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Oil heir loses $6m in 'CIA-Opus-Dei' malware murder scam

Pianoman got played for six years

Internet Security Threat Report 2014

A pair of US conmen managed to swindle $6m from a jazz pianist through one of the strangest virus-related blackmail scams imaginable.

The odd tale began after the great-grandson of an oil industry tycoon, jazz pianist Roger Davidson, brought his PC in for repair back in August 2004, believing it to be virus-laden. Computer repairman Vickram Bedi, 36, from Chappaqua, New York, first stung Davidson for inflated data retrieval costs and charges - also telling him his machine had infected others in the repair shop.

Bedi and his girlfriend Helga Invarsdottir, 39, then cooked up a far more ambitious and implausible scam. The duo teamed up to claim they had discovered evidence that Davidson's life was in danger while disinfecting Davidson's machine.

Invarsdottir, posing as a CIA agent, claimed a Polish priest affiliated with Opus Dei had put out a contract on Davidson, a bizarre idea that would stretch credulity even in a Dan Brown novel. She subsequently tricked the gullible Davidson, 58, into handing over $160,000 a month in "protection money", paid through regular payments to Bedi's Mount Kisco, New York store.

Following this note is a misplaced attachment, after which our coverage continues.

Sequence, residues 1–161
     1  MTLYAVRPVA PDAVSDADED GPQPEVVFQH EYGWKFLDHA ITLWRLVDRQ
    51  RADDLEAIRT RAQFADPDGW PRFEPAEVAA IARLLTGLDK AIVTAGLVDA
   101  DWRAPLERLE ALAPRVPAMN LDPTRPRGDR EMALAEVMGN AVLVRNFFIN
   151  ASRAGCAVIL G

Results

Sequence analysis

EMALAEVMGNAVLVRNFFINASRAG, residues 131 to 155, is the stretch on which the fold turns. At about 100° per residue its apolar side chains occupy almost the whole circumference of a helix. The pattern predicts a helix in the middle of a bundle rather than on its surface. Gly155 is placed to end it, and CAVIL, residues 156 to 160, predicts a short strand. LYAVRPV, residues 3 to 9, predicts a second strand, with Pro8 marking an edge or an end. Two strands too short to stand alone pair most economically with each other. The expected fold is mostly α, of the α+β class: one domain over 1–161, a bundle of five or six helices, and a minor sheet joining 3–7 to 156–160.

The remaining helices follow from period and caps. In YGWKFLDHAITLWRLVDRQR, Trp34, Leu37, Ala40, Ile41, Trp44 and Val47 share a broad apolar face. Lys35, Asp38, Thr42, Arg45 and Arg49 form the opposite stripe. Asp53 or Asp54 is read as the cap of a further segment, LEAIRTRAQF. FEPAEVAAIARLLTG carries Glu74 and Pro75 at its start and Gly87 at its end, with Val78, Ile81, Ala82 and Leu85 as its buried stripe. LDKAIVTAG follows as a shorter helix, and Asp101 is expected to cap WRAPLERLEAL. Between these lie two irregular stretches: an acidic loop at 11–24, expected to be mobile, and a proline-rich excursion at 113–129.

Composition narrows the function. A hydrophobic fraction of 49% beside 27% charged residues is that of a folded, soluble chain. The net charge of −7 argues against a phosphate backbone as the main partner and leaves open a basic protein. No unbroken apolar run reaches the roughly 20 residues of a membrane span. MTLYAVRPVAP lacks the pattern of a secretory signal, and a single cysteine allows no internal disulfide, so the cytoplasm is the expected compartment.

The scheme ran for a scarcely believable six years before it unravelled - we suspect after a relative of Davidson got wind of the scam - and the authorities were called in to investigate. Bedi and Invarsdottir were subsequently arrested last week, just as they were preparing to leave for Iceland.

The New York Times has more on the bizarre tale here. Net security firm Sophos, which brought the odd episode to our attention, notes that the scam illustrates how conmen can use lack of knowledge about computers to scam the unwary - a reason why the more internet savvy need to keep an eye out for their vulnerable (possibly elderly) relatives. ®

Internet Security Threat Report 2014

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